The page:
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Mod Rheumatol. 2011 Jun;21(3):276-81. doi: 10.1007/s10165-010-0386-3. Epub 2011 Jan 12.

Clinical features of reversible posterior leukoencephalopathy syndrome in patients with systemic lupus erythematosus.

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  • 1Department of Medicine II, Hokkaido University Graduate School of Medicine, N15W7, Kita-ku, Sapporo 060-8638, Hokkaido, Japan. edaichi@med.hokudai.ac.jp

Abstract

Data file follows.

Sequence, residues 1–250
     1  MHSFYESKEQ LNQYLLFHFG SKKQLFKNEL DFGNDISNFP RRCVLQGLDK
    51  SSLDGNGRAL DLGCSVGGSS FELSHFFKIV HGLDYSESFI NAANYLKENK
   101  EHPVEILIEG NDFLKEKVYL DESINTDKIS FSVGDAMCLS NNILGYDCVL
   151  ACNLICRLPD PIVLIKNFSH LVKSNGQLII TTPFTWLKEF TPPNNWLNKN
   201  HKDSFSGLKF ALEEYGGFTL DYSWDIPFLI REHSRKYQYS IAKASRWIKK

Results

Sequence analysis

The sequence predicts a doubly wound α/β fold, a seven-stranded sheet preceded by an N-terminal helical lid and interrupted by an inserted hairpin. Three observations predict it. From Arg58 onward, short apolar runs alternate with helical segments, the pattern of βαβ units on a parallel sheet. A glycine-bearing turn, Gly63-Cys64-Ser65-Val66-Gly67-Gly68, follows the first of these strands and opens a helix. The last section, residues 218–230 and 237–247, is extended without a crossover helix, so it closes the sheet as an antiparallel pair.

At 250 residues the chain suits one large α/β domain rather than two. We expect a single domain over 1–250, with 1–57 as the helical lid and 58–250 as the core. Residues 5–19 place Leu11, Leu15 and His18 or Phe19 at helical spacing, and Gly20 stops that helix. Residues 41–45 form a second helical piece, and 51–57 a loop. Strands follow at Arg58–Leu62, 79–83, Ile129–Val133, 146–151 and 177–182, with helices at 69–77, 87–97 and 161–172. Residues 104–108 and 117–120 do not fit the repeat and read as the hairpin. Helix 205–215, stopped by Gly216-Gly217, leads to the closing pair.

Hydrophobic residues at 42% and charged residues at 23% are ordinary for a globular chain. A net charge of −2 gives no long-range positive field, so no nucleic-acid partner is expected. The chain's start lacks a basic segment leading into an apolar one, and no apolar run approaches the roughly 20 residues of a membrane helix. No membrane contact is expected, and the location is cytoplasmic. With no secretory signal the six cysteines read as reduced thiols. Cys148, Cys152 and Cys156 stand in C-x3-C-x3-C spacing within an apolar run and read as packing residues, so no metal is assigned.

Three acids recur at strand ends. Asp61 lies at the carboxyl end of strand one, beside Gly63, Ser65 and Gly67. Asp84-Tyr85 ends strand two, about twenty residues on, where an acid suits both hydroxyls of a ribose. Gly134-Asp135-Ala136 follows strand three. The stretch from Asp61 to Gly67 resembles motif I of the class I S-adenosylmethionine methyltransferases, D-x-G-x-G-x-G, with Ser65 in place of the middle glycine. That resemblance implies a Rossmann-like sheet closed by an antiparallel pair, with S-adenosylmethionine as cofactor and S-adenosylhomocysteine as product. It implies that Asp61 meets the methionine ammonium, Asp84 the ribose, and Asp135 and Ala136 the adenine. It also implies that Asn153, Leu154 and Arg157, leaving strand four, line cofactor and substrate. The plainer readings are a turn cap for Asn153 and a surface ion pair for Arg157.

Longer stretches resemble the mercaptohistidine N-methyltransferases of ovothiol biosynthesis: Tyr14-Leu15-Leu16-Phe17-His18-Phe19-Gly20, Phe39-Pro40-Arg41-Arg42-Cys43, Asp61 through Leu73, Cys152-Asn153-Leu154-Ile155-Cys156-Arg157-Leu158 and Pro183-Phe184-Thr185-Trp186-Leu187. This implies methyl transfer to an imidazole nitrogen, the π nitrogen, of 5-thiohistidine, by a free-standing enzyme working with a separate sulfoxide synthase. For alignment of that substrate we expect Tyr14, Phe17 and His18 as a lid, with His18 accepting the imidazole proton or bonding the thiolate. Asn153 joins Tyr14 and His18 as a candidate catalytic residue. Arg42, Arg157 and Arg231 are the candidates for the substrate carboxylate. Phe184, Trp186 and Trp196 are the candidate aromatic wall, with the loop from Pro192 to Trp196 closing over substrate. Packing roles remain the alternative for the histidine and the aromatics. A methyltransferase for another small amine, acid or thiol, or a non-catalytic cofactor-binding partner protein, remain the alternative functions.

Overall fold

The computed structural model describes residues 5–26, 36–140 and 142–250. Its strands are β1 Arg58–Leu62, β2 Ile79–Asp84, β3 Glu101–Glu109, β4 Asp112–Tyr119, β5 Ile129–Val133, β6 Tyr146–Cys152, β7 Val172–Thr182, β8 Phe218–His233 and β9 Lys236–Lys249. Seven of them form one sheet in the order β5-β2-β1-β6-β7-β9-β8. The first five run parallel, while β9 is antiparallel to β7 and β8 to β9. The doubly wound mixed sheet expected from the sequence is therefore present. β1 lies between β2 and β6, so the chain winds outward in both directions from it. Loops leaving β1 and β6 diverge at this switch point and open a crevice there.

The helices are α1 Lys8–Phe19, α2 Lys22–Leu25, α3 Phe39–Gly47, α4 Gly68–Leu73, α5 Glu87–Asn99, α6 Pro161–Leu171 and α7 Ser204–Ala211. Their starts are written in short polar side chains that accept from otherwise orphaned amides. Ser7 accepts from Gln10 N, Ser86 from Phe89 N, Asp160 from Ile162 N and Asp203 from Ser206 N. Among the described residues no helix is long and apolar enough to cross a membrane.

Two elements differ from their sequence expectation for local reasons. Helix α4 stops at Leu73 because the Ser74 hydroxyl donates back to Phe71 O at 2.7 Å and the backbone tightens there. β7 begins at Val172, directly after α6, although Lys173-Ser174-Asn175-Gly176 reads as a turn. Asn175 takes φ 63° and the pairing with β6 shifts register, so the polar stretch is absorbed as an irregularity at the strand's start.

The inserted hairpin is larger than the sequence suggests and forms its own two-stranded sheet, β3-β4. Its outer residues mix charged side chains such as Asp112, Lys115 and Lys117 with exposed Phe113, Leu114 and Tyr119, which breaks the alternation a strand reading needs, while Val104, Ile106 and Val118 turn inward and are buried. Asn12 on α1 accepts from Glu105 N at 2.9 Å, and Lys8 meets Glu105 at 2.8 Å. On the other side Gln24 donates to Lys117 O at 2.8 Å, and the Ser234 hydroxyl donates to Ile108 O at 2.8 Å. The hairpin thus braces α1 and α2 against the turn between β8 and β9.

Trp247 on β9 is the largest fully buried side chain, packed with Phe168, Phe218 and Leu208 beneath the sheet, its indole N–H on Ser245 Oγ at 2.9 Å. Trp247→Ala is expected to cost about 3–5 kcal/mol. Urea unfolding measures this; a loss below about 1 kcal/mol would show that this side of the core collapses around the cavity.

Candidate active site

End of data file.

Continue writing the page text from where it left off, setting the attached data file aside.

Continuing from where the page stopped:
To characterize reversible posterior leukoencephalopathy syndrome (RPLS) in systemic lupus erythematosus (SLE) in terms of treatments for resolution and its clinical course, we reviewed 28 cases of RPLS in SLE including our cases in view of the treatment. Of these, 15 cases improved with blood pressure control and 13 required immunosuppressive therapy for activity of SLE presenting neurological manifestations. Patients without immunosuppressants at onset of RPLS more frequently required immunosuppressive therapy to recover it than those precedingly using these agents [31% (4/13) versus 87% (13/15), p = 0.008, chi-square test]. Brain magnetic resonance imaging (MRI) is important for diagnosis of RPLS-SLE in the patient with SLE who develops neurological disturbance and rapidly increasing blood pressure. When 7-day therapy for hypertension and convulsion does not reverse the manifestations, immunosuppressive treatments would be recommended to reverse RPLS.

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